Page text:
September 21, 2014

MAHASANGRAM - Part IV

THE ISSUES THAT MATTER


Of the four states that go to the poll this year, the biggest is the western state of Maharashtra. After being in power for the last 15 years, the results of the Lok Sabha have come as a jolt to the ruling combine. Together the Congress and its ally, the NCP were literally demolished as they faced a strong opposition - the 'Mahayuti' that the saffron allies, the Shiv Sena and the BJP had stitched together. Even the presence of Raj Thackeray's MNS could not benefit the UPA like they did in 2009 when the anti-incumbency votes were split into the two fractions of the Sena. While many would have expected the NDA to sweep Maharashtra, the recent poll setbacks to the saffron outfit in Uttar Pradesh, Uttarakhand, Bihar, Karnataka, Gujarat, Rajasthan and Madhya Pradsh (Link) seems to have put a serious question before the BJP - can it replicate its superlative performance even in the state assembly polls in winter, especially in Mumbai where it has been warming the Opposition benches since ages. The Congress is trying to get over its disastrous defeat; retaining Maharashtra could signal the beginning of a long pending revival. Meanwhile, state politics is incomplete without considering the three regional parties. Unlike the heartland, the two national parties are not the main players here. Let us see what parameters will impact the outcome of the Maharashtra state assembly polls in 2014.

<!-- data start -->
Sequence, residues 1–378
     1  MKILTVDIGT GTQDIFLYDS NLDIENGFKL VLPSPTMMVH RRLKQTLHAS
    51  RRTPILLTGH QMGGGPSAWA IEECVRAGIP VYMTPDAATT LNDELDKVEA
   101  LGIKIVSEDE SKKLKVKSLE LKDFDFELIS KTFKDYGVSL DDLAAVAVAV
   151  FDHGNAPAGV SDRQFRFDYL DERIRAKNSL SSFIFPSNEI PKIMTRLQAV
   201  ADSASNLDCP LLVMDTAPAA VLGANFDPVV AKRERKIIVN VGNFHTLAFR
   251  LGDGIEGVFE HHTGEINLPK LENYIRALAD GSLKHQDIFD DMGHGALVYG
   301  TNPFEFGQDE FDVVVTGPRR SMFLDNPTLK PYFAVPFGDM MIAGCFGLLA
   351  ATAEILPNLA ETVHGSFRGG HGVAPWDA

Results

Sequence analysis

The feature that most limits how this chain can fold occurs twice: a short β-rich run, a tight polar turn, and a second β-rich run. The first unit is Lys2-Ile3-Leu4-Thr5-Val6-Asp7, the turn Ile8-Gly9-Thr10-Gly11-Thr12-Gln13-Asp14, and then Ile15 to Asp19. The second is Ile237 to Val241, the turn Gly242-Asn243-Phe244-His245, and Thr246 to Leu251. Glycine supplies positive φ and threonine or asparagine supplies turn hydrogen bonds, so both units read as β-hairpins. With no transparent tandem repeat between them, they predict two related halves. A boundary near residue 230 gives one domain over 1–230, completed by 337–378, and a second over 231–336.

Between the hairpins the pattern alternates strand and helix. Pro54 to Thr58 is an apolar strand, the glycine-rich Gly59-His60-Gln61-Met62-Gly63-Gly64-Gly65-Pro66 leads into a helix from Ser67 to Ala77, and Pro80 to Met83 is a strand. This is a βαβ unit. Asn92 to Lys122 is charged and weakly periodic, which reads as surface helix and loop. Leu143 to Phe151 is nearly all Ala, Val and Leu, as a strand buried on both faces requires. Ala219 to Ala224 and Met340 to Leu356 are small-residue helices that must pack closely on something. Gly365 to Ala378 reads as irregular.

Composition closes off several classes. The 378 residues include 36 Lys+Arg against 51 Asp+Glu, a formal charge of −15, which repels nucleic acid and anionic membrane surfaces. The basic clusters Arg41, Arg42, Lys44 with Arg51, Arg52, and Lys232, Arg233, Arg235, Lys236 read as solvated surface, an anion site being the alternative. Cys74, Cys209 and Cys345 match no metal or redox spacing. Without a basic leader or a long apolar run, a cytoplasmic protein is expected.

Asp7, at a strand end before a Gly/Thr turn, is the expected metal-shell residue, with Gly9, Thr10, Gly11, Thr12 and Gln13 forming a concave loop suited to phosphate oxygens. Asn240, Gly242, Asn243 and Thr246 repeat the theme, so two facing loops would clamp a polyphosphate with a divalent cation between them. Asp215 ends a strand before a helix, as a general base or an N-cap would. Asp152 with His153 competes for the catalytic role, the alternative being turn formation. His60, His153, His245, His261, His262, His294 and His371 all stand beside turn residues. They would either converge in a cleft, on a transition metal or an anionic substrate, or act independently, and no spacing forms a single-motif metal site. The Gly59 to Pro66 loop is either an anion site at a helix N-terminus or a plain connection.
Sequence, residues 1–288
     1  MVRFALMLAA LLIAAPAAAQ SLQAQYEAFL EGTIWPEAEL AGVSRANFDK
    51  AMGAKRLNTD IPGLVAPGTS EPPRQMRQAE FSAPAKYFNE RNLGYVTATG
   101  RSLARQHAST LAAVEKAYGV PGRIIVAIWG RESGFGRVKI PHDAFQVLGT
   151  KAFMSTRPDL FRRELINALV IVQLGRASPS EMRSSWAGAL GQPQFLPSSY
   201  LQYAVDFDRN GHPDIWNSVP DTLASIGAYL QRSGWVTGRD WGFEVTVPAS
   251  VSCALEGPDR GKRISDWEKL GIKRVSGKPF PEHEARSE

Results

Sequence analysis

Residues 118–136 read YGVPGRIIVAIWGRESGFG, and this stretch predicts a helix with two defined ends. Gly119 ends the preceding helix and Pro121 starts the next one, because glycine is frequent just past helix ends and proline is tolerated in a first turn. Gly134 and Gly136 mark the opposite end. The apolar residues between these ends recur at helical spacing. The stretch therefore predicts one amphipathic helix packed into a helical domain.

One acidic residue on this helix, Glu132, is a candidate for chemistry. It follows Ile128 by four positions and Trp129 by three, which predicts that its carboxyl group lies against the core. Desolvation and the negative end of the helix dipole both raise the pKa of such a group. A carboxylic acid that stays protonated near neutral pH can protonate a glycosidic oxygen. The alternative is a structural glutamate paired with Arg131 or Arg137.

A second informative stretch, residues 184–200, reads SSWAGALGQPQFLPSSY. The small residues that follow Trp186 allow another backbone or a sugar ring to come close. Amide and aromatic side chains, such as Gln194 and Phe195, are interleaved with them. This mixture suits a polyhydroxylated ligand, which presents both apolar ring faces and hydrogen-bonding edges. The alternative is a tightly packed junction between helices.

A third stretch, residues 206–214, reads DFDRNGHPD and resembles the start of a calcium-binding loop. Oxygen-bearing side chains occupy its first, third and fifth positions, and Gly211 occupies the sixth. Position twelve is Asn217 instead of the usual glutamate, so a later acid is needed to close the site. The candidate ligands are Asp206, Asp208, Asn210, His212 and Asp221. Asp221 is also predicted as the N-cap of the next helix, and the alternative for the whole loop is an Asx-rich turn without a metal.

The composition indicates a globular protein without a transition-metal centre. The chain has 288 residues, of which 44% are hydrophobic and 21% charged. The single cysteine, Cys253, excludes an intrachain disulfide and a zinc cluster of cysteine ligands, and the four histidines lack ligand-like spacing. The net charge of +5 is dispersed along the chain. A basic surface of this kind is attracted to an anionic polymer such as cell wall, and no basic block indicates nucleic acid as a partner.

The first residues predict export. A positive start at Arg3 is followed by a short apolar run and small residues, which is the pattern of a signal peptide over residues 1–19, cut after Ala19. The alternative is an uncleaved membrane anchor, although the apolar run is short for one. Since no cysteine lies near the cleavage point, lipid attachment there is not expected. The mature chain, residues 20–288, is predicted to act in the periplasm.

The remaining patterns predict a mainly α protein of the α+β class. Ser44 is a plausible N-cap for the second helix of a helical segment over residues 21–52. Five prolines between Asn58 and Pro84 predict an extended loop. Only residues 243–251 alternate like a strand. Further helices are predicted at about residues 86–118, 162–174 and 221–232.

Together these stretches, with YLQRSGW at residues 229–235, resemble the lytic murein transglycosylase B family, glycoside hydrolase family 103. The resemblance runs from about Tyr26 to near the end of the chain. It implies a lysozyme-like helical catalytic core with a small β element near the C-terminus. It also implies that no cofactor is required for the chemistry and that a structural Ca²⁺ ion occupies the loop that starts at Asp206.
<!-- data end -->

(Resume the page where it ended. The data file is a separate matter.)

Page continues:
As they say, united we win and divided we fall. The results of the October elections could simply boil down to the fact that which coalition is able to sustain itself in spite of all the drama over the seat sharing talks. Both the Congress-NCP as well as the Sena-BJP know very well that it is in their best interest to make sure that their respective partnerships survive. However, less than a month before voting, the UPA and the NDA as we know them today, are witnessing media war over seat sharing arrangements. The saffron alliance which stretches back to 25 years is looking extremely shaking; the BJP, high on its earth-shattering performance in the General Polls has rejected the 119-178 formula brokered by Bal Thackeray and Pramod Mahajan in the early 90s. While the state BJP wants to fight on 130 seats, the Sena has refused to give anything more than 125. Besides, Uddhav Thackeray's portrayal as the alliance's CM candidate by his outfit has not been taken kindly by the BJP. On the other hand, the NCP has upped the ante; Pawar's party wants to be an equal player in the coalition. After winning twice as many parliamentary seats as the INC in May, the regional parties wants to have a relook at the earlier formula. Meanwhile, the plea seems to have fallen on deaf years as the Congress has refused to back down from its stand. With cracks developing in the two fronts, it remains to be seen if the allies can bury their differences and patch up. Failing that, it could be a five cornered contest for Maharashtra - BJP vs SS vs Congress vs NCP vs MNS. In fact, what could be more interesting is the realignment of forces; the NCP could tie up with either the BJP or even the Shiv Sena; the BJP could also join hands with the MNS and so on.